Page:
The Hard Truths of HomelessnessI came to Asheville for the mountain biking. I had a communications degree and worked in advertising as a commercial photographer. It paid well, but the work was seasonal and intermittent. So when I was asked by a sales manager to join an aerial photography start-up for high-end clients’ real estate, I jumped at the offer.I sold just about everything I owned to finance the training, equipment, and logistics. I would be staying in the sales manager’s condo beside a beautiful mountain lake outside of Asheville.As I sat in my SUV above the lake, I was in a wonderful mood. My cat and all of my belongings were in the truck with me. A check and a new apartment were waiting for me, and along with the excitement of a new job I liked, I felt extremely lucky.But then my phone rang. “The deal is off,” my sales manager said. He had secretly gone to work for another company. “You need to find something else.”I was out of a job and out of options—and also without a check. I had 38 cents in my pocket and about a quarter tank of gas.I scrambled on the internet and found someone on Craigslist advertising a free couch surf. I drove on fumes to the next town to meet him. He told me to meet at a fast food restaurant near their place in a few hours and he would take me to his place. As I pulled into the parking lot, I ran out of gas and coasted into a parking space. I waited for hours and never heard from him.My year on the streets had begun.I was 61 years old. My parents were both dead, and I had no family or close friends to turn to. I’d always told myself that if I ever ended up in this situation, I’d just kill myself. I even found the box cutter that I kept in the car and considered it. But I had my cat with me, and I loved him more than anything. I needed to make sure that he was okay first. So I put the blade away.The ShelterYou probably won’t be welcomed when you try to get into a shelter. They’re often run by resident homeless volunteers who aren’t usually very friendly. No one hates the homeless like other homeless people. It’s a major reason why the homeless often choose to camp outside or live in their car. I lived in my truck with my cat for a few weeks, but I soon realized that I couldn’t take good care of my cat, so I found a no-kill animal shelter who was willing to take him. It was a hard goodbye. He was all I had left.Once I was in the shelter, I very quickly volunteered to work the front desk. Volunteers were allowed to stay in the shelter during the day, and we had other privileges like eating first before the crowds come. The non-volunteers who stayed at the shelter had to leave right after breakfast and stay out until evening. You have to basically wander the streets all day with all your belongings. I only had to do it for the first couple of weeks before I became a volunteer, and it’s not fun. Everywhere you go, people watch you with wary eyes, expecting you to steal or vandalize something or they assume you’re making a drug deal. There’s usually nowhere to go to the bathroom or sit down. It’s exhausting. You’re not really a person anymore. You’re homeless. People put you safely into a narrative involving faults you must have that they don’t—to protect them from thinking that it could happen to them. Once you are homeless, that’s all that defines you. Your real past is gone, and everyone assumes that you must be a junkie, seriously mentally ill, or a criminal. It follows you for years after. I recommend moving and not telling anyone. Start over.Shelters aren’t much better than the streets. I was sick all of the time, often stuck in a small dirty space with several other sick, coughing residents. Many homeless are virulent anti-vaxxers and refuse the vaccination that would help reduce the infection rate. I didn’t sleep much, either. In a shelter it’s noisy with coughing and snoring and fighting.You aren’t safe, in a shelter or on the street. It can get violent, and you’re absolutely going to be robbed at some point. Most likely more than once.Whenever an attractive woman came through, it was almost always the same story. She would hook up with a homeless man for “protection,” and he would then proceed to beat and rob her. Black eyes, missing front teeth, and casts on arms were the usual look within a short time.I tried to show kindness to the people who came through, but eventually I developed the same compassion fatigue that sets in with everyone. Whether they are homeless because of mental illness, addiction, rejection by their family, or bad luck, they often tend to be assholes in their behavior towards others. It’s a prime reason no one wants them in their homes. Lying, stealing, vandalism and violence are common. I was threatened several times while working the front desk, and I often had to stop violent altercations or otherwise put myself in danger.The HomelessThe reasons people were in the shelter or on the street varied. A large percentage of the population were prisoners recently released from long sentences. They were so damaged and institutionalized that I didn’t have much hope that they would ever do very well. Another group were LGBTQ kids and even some adults who had been thrown out of their homes and had nowhere to go.For middle aged and older men, alcoholism was the main cause. Multiple DUIs and losing their drivers’ licenses generally sent them over the edge financially, and their personal relationships were damaged to the point where they had nowhere to go. Of course, hard drugs had a part to play, but the majority of the heavy druggies stayed on the street in cars or camping out.“You’re not really a person anymore. You’re homeless. It’s all that defines you. Your real past is gone, and everyone assumes that you must be a junkie, seriously mentally ill, or a criminal. It follows you for years after.”It seemed that almost everyone was getting a disability check, but instead of using it for shelter or food, they just spent it all on a big week-long meth party at the beginning of the month as soon as they were paid. Most would split cheap motel rooms for a few days, and the shelters were largely empty for the first week of the month. One of the workers at the nearby hospitality house wrote a poem about the “Five-Day Check Motel” phenomenon. Then, when the check was spent, they would panhandle or fly signs. Food, shelter, and clothing are usually freely available at the shelters, so they spent that money on cigarettes, alcohol, lottery tickets, and drugs. I never saw anyone panhandle or fly a sign that wasn’t going to buy alcohol or drugs with it. I don’t ever give money to panhandlers because of that. I know it’s just going to hurt them. I wasn’t aware of anyone who was trying to get their life back together ever panhandling or flying signs. I suppose it’s possible, but I just never saw it. Don’t give money to panhandlers would be my advice. Donate to shelters or other aid organizations instead.One guy at the shelter—a fellow who had been in prison for 25 years and was really a nice guy—was waiting on his disability back pay to get a place and a new start in life. We had great hopes for him. But then he just disappeared one Thursday. While I was on duty at the front desk the following week, he called from jail in South Carolina, begging to be allowed back. He had received his check, and then he’d immediately been robbed by his daughter and her friends who had lured him to a crack party in South Carolina. They disappeared with his money, and he was arrested in the aftermath. There were lots of stories like that.Another guy at the shelter had lost his guitar shop business and his home after he was busted for a couple of small pot plants on his back porch and sentenced to 1 1/2 years in jail. But unlike most people at the shelter, he was getting up at 4:30 every morning to ride his bicycle several miles in the dark to get to his new job at Subway. He eventually found a roommate situation with an old friend and was the first to escape back to a semblance of normal life.Problems and SolutionsThe modern homelessness epidemic is caused by lack of adequate mental health care. It started back in the 1980s when Ronald Reagan closed the mental hospitals to the nonviolent mentally ill and put tens of thousands of at-risk people on the street. They literally put them on a bus, drove them to a big city, and kicked them out on a backstreet to fend for themselves. Basically all the guys from One Flew Over the Cuckoos Nest were on the street. The problem has grown substantially since that time to include all sorts of folks who have fallen through the ever-widening cracks in our society.I doubt even a guaranteed income would actually keep everyone off the street since a surprising percentage of the hard core people already receive disability payments but don’t use it for housing or food. Quite a few folks are essentially professional homeless who’ve been on the street for decades and will probably die there. They winter in Florida and come to the mountains for summer. Many get apartments only to get kicked out because they simply can’t live with other people without fighting or robbing their neighbors.The hospitality houses you can visit during the day are a valuable resource. There are counselors to help navigate the various programs for housing or healthcare, and you can often use them as an address for food stamps or job applications and to receive mail. There were also showers and toiletries available, and safe storage bins to store your belongings, which is a huge issue on the street. They have coffee and pastries, and it gives people a place to go after leaving the shelter after breakfast or waking in your car or tent.The most financially advantageous approach to homelessness that communities have tried has been to just give them a home. It’s extremely expensive keeping people on the street. I’ve watched people blow thousands of dollars in ambulance and emergency room fees faking an illness just to get out of an extremely easy three-hour, once-a-week work requirement to stay in the shelter. We also had to make several calls for ambulances to take care of overdoses of so-called synthetic marijuana like Bizarro. They’d smoke the whole package in the bathroom and end up out front clinging to a light pole, screaming that demons were trying to drag them to hell. The demons were actually the EMTs trying to get them to the emergency room.Telling addicts to clean up before they get housing doesn’t really work. It’s incredibly difficult to quit drugs or alcohol while homeless. Also, a good percentage of the homeless population aren’t ever going to be able to hold a job and are just so broken as people that the best thing we can do is just take care of them. Compassion for the unlikable is hard but necessary. It’s easy to feel empathy for a child immigrant separated from their family. It’s a different thing when it’s the scary guy yelling and dancing on the corner.“The ‘code purple’ homeless are the most narcissistic, entitled, and angry people I’ve ever encountered. I don’t think a guaranteed income and free housing for all will help them at all, really. ”In the winter, the shelters would have a system called “code purple” whenever the temperature dropped below freezing. During code purple, everyone was allowed in, giving a place out of the cold to people who couldn’t normally stay for a variety of reasons. They were the felons and the hardcore drinkers and drug users, the folks who couldn’t or wouldn’t stay sober and pass a breathalyzer test. They seemed to move from the street to the jail and back again like a three-month tide. It’s a very different group from the regular residents who were vetted and basically just glad to have a place to stay while trying to get housing or disability or social security going.For the code purple folks, the street is more of a permanent thing. This mixing of a largely criminal element with the general population is a constant source of problems for the shelters. There was constant trouble with them, and robberies, vandalism, violence, and general mayhem were the norm. They often ripped everything off the walls and tried to destroy anything they could. The shelters where I stayed no longer take part in code purple because of the cost and pointlessness of trying to help them. It’s the most narcissistic, entitled, and angry group I’ve ever encountered. I don’t think a guaranteed income and free housing for all will help this demographic at all, really.I suppose it depends on the individuals involved at the time you’re there, but there was also quite a bit of corruption in the management of shelters, from stealing donations to outright embezzlement of millions of dollars. I think it’s gotten better in the ensuing years. But the director of the last place I stayed was the most fervent Evangelical I knew, constantly and loudly proclaiming his love for Jesus. He disappeared with over $2 million of the shelters funds. It’s my understanding that they still don’t know where he is.However, it’s impossible to overstate the importance of the various area churches’ involvement in taking care of the homeless. I’ve never been a churchgoer, and I sometimes resented being forced to attend church services at shelters, but really it was a small price to pay for their incredible generosity and compassion. Whether working in association with other churches or just running the shelter as a mission to help spread their message, the shelters I dealt with were all operated by religious organizations. Secular charities also contributed a great deal to the homeless.HomeA little less than a year after it began, I was able to get my early social security started and move into an apartment. The shelter where I was staying at the end helped me with housewares, food, and some furniture, as well as covering my deposit on the place. They even helped me move. When you’ve lost everything, kindnesses like that are priceless.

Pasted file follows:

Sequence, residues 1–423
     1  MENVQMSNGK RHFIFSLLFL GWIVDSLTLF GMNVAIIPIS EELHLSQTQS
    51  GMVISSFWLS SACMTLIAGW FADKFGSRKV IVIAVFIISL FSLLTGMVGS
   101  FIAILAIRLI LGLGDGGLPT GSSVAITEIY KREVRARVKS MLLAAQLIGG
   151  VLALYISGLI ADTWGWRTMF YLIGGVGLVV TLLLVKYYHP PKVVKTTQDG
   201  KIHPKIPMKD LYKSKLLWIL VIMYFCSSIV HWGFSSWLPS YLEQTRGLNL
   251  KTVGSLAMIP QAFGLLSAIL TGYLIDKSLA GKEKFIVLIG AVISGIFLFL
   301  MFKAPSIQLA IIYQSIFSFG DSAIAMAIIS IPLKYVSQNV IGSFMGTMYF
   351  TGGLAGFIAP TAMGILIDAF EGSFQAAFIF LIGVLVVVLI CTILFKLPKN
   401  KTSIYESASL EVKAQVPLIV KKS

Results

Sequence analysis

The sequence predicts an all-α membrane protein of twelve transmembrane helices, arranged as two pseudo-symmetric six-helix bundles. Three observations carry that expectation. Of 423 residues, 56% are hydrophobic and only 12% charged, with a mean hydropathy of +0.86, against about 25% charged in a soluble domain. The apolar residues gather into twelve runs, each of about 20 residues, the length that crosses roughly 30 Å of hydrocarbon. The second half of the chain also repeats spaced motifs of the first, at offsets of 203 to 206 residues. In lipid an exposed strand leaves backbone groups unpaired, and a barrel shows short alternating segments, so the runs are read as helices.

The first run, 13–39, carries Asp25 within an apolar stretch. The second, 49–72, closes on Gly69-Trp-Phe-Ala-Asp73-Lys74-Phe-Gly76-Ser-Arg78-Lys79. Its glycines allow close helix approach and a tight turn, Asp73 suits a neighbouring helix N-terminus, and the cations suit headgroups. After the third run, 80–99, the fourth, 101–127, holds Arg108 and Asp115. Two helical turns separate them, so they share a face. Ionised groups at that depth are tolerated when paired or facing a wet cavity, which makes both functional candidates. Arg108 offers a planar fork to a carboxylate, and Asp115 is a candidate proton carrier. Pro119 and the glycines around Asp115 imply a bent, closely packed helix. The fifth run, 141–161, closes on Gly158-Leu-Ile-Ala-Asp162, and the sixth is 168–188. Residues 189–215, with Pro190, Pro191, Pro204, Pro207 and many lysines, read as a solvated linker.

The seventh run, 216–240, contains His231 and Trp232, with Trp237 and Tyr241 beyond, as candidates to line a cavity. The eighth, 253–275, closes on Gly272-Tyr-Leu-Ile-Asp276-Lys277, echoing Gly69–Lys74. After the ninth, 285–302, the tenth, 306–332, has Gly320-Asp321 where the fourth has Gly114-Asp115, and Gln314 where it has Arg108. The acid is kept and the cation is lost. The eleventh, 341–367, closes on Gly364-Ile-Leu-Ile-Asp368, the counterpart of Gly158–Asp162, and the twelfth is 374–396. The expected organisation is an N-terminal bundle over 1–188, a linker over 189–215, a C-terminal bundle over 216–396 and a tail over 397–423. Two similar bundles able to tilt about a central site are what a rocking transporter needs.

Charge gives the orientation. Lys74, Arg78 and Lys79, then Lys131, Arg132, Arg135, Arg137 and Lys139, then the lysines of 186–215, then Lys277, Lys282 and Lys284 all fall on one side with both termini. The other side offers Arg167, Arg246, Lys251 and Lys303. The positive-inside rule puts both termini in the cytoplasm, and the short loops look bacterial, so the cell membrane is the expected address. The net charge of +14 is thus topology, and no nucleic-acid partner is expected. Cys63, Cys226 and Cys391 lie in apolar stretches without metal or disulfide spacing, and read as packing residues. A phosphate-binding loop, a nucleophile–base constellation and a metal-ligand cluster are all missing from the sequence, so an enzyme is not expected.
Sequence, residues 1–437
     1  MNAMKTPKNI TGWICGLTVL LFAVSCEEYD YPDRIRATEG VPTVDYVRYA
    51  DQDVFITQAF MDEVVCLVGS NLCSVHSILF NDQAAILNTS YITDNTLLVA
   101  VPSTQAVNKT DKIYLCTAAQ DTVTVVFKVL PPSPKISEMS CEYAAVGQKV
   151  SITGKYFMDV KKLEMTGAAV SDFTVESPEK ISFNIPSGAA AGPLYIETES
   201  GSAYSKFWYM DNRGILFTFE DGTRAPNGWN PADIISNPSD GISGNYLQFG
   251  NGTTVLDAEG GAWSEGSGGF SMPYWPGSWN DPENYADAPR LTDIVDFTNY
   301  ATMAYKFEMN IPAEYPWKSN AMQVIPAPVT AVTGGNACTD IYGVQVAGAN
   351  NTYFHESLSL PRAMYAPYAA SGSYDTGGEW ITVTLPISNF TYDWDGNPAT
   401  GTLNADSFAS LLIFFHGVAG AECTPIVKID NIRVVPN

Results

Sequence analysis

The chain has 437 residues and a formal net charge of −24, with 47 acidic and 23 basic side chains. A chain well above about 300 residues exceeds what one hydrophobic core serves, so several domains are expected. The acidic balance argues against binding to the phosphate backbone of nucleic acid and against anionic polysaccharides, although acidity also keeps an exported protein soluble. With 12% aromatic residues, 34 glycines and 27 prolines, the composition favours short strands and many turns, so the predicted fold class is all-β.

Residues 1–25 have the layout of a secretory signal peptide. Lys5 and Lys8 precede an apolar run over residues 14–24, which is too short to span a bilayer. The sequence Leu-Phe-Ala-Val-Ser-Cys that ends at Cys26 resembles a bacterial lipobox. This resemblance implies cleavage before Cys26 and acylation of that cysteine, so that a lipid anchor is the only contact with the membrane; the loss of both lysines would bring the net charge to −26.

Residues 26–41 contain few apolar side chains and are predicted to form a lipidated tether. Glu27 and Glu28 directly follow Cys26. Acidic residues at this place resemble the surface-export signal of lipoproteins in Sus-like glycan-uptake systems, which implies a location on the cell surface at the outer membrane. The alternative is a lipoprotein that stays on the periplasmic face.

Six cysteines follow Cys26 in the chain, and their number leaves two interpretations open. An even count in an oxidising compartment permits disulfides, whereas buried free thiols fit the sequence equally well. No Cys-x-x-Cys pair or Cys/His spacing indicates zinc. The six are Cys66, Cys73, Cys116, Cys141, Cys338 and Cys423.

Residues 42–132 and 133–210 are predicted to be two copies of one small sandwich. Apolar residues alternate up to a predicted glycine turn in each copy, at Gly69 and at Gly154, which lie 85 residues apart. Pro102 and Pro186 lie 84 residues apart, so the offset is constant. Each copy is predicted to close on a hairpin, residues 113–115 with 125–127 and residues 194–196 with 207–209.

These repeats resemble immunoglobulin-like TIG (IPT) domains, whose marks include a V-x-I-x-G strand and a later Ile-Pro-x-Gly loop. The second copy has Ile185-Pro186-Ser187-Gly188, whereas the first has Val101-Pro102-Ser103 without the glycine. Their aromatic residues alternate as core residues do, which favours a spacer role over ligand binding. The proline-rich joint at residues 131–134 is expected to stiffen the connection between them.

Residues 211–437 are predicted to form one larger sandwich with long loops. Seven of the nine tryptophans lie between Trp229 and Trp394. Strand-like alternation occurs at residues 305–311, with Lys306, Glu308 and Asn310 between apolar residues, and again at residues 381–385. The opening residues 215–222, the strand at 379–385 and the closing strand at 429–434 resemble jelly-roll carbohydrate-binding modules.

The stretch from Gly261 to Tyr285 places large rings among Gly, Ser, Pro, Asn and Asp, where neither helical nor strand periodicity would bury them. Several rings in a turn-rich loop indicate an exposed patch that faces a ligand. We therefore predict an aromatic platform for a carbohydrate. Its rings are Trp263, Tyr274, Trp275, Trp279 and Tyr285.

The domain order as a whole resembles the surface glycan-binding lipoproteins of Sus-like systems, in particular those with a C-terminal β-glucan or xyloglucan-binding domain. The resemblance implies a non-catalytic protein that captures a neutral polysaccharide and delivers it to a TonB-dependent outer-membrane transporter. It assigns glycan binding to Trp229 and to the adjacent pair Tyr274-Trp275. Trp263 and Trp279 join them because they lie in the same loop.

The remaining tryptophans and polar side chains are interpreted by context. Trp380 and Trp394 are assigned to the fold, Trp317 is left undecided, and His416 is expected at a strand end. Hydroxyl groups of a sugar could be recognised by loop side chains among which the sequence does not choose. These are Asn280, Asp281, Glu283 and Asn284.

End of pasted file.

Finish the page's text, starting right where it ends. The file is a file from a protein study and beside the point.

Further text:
I’ve always used this classic phrase to describe my participation in sports. I’ve dabbled in so many different activities, gleaning skills from one and transferring them to the next. Fly fishing has always been on my mind, but never something I thought I could try. The buy-in seemed too great — waders, fancy side packs, a knowledge of fly hatching schedules, patience. Fly fishing also had this mysterious allure, complete with slow-motion casting and pulling a fresh catch, water cascading from its speckled belly, above the water and examining the prize. But that was for someone far more skilled and with far more knowledge than me. Maybe. “Jane of all trades, master of none.” Ben and I had gone fly fishing ONE time before with a guide and used their equipment. After that single introduction, we fell in love and knew we needed to dive in. We started with the Hane and Iwana, two rods that are great for beginners and Colorado streams. We also used the Tenkara USA kit which provided everything we needed for our first trip out. We grabbed two friends with prior fly fishing knowledge (but not Tenkara knowledge) and made our way to the river. Our friends had a net (which isn’t necessary if you handle the fish carefully), we wore river sandals, shorts to wade into the cold water, and stuffed supplies into our pockets. We had big plans to watch a ton of the informational videos Tenkara USA has on their website to help us set up the rods (we watched them after the fact, they are super helpful, but not a necessity). After years of working outdoors, you would think we are used to losing service and needing offline plans. We are not. With just the instruction booklet tucked into the Tenkara USA kit, we dove into our newest hobby. We learned the knots on-site, figured out how to set up the rods next to the rapids, and …wait for it… we BOTH CAUGHT FISH. Take that ‘slow-motion casting in pristine remote locations with a copious amount of line pulled out.’ These two guppies were able to learn the knots, attach the tapered line and tippet, tie on the fly, and trick a fish into thinking its food. With the help of our friends, we were able to learn the correct procedure for keeping the fish safe and letting it go. A great success for a morning on the water. I’d run into Tenkara rods a few times in the past and was familiar with claims that they were simple, great for backpacking, and easy to use. After three years of living in a van and camping near streams more often than not, it was time to swallow my pride, push down my fears, and try out some fly fishing. Tenkara USA is the original tenkara brand in the US. Tenkara is a simple type of fishing that originated in Japan. It focuses on the art of catching the fish, instead of complicated equipment, using just a rod, tenkara line, and fly, to enjoy the sport. There is one way for this tour to be a reality– our sponsors! Sending a thank you shout out to all of our awesome sponsors that make this tour happen: Sea to Summit, Mountain House, Lowe Alpine, Leki, Big Agnes, Stio, Roofnest, and Franklin County, VA. For more info on our sponsors, check out the post, “Live Outside and Play is Back!” This sport is far more accessible than I previously thought. We have so much more to learn about the sport, but it IS possible to dive in and be successful on your first go. The simplicity of the Tenkara USA rods and equipment made the process of starting a new sport so much easier. Don’t forget to grab a fishing license, always use caution around water, respect the environment, plants, and animals, and leave no trace. ***We want to be totally transparent. We sought out Tenkara USA to write this article. We were interested in the sport and had no idea where to begin. When we learned about the simplicity of the rods and how helpful Tenkara USA was with beginners, we contacted them. They supplied us with two rods and a starter kit.